Crowds block the road in front of Parliament as session underway

Impeachment proceedings begin
Zimbabwe’s parliament has begun impeachment proceedings against Mugabe.
A joint sitting of the senate and lower house will start at 4.30pm local time at Rainbow Towers Hotel on Tuesday.
There will be a nine person committee appointed to “investigate the removal of President”, said speaker of the National Assembly Jacob Mudenda, according to reports on Twitter.

‘Full house in Parliament’
Image shared from inside the Parliament of Zimbabwe shows a packed room.

Parliament speaker says officers received notice to remove Mugabe
Zimbabwe’s parliament speaker has said presiding officers have received a notice to remove President Robert Mugabe.
The parliament speaker in Harare said war veteran leader Chris Mutsvangwa moved the motion and it was seconded by opposition legislator James Maridadi.

Protestors chant “Mugabe got to go” outside Parliament
Zimbabweans are rallying outside Parliament as the ruling party is poised to begin impeachment proceedings against President Robert Mugabe, who is accused of allowing his wife to “usurp” power and of being too old to rule.
“We are here because we want to be part of this very important occasion in the history of this country,” says Harare resident Samuel Wadzai.
Lawmakers have begun arriving at Parliament.
(Reuters)

MDC says “this is the hour that Mugabe must go”
As officials arrive at Parliament to begin the impeachment process, a spokesperson for opposition party MDC told Reuters reporters: “This is the hour that Mugabe must go.
“We want a free, fair election with a democratically elected government.”
The Parliament building in Harare, Zimbabwe (AFP)

Botswana president writes open letter to Mugabe
Botswana’s President Ian Khama has written an open letter urging Robert Mugabe to step down as leader of Zimbabwe.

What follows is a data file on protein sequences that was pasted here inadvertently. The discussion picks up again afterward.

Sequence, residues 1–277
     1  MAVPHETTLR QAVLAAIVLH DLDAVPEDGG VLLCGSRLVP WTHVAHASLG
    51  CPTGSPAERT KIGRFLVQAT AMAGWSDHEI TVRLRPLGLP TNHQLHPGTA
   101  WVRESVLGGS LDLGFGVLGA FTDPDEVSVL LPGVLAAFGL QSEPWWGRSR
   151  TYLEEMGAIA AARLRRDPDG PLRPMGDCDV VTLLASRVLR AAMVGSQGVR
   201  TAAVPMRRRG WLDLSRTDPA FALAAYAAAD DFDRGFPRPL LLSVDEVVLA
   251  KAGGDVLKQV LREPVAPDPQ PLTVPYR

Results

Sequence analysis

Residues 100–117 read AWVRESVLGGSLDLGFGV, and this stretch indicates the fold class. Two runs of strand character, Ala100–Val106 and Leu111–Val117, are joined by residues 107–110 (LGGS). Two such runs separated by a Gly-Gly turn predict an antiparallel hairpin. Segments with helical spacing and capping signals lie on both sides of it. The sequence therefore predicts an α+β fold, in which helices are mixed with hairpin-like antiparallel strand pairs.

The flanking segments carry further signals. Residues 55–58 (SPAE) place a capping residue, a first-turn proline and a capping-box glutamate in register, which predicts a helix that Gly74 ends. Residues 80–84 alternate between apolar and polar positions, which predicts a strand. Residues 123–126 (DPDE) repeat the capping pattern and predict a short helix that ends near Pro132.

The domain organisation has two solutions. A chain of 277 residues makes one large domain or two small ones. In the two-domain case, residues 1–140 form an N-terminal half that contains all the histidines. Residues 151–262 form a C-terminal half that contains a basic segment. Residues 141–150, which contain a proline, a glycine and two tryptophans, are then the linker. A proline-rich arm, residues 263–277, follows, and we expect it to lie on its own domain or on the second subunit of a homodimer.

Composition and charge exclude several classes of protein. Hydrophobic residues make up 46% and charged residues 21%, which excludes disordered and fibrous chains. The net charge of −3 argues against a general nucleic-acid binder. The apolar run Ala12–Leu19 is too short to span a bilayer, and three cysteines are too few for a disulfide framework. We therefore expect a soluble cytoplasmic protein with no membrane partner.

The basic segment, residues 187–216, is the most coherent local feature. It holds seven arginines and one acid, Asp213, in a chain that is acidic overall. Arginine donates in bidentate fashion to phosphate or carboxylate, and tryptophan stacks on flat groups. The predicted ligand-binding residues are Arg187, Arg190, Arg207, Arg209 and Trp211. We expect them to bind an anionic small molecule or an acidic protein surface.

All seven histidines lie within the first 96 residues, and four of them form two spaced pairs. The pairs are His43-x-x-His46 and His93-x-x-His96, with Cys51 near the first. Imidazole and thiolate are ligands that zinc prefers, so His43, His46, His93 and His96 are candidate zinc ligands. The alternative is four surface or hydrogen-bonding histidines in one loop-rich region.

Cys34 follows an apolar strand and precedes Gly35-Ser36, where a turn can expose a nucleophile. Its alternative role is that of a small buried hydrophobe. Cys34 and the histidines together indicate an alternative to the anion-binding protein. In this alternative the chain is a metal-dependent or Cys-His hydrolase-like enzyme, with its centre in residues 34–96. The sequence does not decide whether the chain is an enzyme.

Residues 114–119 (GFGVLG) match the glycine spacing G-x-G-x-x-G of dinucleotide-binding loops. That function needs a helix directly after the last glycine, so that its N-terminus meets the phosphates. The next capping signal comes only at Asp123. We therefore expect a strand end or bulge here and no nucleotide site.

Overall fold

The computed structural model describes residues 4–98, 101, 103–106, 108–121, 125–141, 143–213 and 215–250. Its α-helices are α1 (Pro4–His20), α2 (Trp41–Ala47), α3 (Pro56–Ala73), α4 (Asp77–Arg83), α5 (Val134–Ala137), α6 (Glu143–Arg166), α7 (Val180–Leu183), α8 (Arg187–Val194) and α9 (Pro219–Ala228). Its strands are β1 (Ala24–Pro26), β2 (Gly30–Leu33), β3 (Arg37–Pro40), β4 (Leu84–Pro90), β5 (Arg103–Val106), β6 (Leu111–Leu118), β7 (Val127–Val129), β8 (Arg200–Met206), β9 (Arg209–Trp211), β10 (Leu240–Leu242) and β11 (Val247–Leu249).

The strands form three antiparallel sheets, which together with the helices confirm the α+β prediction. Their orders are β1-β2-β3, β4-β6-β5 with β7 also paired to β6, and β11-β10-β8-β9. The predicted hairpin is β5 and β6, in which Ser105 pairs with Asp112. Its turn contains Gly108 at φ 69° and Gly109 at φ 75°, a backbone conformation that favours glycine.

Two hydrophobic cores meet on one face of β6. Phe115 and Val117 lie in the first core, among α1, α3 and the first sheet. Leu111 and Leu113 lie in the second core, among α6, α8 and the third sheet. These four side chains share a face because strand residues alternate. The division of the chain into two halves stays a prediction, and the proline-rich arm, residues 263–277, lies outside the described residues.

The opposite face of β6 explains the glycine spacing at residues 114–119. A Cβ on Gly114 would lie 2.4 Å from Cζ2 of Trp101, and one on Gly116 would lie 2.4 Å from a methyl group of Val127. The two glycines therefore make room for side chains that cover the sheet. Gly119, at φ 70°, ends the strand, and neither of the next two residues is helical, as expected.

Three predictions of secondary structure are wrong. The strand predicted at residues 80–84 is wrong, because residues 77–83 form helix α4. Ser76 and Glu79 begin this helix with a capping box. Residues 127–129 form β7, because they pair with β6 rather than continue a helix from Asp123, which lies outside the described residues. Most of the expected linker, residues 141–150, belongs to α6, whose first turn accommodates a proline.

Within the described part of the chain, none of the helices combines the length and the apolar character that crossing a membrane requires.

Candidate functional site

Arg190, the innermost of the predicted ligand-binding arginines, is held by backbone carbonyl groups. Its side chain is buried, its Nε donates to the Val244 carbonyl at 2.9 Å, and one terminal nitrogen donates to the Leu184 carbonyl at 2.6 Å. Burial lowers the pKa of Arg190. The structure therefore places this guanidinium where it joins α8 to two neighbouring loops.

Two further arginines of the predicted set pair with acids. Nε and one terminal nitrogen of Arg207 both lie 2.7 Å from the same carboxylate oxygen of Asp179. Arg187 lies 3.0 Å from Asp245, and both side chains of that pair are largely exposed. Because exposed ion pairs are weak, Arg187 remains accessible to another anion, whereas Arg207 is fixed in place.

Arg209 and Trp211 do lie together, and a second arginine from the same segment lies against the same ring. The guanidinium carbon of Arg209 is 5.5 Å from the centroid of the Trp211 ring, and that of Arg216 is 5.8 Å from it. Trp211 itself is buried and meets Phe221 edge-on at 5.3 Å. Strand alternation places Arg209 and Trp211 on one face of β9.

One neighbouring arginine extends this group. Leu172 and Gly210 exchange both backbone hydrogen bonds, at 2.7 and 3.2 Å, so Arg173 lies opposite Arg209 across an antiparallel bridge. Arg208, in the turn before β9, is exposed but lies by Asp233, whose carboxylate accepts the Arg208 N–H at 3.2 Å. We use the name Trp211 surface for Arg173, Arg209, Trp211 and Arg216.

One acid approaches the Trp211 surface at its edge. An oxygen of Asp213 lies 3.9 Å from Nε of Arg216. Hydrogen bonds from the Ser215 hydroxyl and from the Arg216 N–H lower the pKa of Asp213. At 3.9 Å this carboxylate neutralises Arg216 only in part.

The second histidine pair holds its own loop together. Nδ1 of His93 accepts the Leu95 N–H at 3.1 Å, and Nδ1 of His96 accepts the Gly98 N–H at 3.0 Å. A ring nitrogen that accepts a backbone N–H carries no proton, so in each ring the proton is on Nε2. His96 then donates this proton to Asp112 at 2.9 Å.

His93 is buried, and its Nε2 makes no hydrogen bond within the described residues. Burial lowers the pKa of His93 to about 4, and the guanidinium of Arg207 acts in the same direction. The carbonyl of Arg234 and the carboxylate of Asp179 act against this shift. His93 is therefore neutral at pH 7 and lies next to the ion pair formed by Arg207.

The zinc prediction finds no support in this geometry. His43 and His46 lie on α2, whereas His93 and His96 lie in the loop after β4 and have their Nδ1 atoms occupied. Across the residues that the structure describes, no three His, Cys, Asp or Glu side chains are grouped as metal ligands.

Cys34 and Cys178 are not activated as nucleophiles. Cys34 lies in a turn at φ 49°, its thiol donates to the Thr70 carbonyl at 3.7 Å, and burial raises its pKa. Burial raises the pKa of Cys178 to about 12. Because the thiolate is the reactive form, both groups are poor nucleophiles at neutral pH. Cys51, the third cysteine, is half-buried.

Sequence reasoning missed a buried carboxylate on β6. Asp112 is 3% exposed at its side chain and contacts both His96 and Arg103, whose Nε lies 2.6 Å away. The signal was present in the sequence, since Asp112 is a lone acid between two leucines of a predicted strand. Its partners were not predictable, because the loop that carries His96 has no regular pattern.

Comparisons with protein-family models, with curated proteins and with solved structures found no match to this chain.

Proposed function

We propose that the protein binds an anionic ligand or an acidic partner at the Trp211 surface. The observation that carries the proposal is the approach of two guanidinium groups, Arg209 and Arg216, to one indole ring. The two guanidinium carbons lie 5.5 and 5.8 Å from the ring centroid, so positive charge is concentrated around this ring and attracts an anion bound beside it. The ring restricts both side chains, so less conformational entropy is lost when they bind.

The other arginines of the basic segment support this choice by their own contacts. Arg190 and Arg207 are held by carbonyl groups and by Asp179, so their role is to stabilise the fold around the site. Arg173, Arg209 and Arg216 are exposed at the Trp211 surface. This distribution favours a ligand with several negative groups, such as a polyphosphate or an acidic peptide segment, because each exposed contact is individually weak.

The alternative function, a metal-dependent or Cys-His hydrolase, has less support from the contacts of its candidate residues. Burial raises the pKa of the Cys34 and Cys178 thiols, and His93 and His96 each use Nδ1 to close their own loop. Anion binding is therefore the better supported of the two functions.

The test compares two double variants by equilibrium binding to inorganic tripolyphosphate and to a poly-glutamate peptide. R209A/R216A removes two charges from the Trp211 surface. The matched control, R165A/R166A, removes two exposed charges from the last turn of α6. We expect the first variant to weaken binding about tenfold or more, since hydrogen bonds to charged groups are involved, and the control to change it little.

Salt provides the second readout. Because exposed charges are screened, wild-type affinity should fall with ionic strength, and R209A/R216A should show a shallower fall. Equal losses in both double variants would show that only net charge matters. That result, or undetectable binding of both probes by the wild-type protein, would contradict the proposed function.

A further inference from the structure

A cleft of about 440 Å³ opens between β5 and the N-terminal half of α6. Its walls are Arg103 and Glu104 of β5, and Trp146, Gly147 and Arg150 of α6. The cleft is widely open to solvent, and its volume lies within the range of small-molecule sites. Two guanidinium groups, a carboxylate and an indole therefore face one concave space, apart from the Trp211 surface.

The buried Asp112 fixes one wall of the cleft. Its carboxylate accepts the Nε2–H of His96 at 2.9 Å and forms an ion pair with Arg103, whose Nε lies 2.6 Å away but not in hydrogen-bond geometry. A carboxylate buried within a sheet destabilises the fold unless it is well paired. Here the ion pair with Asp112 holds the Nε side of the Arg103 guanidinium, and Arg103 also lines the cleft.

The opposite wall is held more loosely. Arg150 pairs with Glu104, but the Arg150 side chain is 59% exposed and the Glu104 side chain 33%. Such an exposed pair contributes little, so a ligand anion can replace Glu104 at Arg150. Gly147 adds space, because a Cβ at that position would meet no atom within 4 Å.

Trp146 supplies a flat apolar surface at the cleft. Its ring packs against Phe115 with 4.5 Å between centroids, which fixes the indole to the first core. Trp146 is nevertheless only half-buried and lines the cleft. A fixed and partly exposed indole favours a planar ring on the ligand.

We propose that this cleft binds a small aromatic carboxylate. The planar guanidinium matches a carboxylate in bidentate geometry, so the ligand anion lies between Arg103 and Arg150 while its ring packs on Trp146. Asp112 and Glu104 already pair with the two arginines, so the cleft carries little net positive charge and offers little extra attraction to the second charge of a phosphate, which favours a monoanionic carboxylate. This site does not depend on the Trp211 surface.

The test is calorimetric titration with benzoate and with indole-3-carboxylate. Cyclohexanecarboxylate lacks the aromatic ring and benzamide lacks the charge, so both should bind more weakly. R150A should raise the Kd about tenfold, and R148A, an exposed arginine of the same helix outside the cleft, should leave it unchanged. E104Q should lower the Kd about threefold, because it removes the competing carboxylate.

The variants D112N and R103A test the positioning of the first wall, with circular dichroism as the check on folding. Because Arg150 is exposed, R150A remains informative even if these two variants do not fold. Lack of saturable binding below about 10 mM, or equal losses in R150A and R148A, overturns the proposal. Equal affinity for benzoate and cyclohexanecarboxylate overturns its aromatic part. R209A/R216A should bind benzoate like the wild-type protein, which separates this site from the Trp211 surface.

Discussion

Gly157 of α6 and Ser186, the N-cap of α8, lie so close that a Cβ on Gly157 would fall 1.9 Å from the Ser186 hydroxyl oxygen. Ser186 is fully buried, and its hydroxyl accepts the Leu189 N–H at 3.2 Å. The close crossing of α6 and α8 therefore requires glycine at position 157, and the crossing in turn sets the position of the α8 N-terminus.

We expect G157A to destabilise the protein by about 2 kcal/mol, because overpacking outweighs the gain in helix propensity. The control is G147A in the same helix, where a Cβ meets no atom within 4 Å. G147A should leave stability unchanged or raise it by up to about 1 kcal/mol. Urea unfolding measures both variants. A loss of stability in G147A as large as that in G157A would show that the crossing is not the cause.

The letter was shared in a series of tweets on the Botswana Government Twitter account.
Mr Khama,who has openly criticised his neighbor in the past, asked the 93-year-old to “be sensitive to the wishes of the people of Zimbabwe and to do the honourable thing by voluntarily relinquishing power.”

Parliament to convene shortly
Zimbabwe’s parliamentary sitting to begin impeachment proceedings against Mugabe is reportedly due to begin shortly.

War veterans urge Mugabe to resign
War veteran chief Chris Mutsvangwa urged Zimbabwe to move “forward”, addressing a press conference on Tuesday, according to reports.
Zimbabwean war veterans once again called for President Robert Mugabe to step down.
The head of Zimbabwe’s association of war veterans said he was “impressed” that ministers boycotted the Cabinet meeting, saying: “By and large everybody refused to go,” news24 reported.
Mr Mustvangwa said: “Only by you being vigilant will we not slide back to Grace Mugabe.
“Only by you will we not have an old man hang on to power.
“We will not be asleep at the wheel again as the people of Zimbabwe.”
The chair of the liberation movement again reiterated that the move was not a coup but a “corrective measure”, it was reported.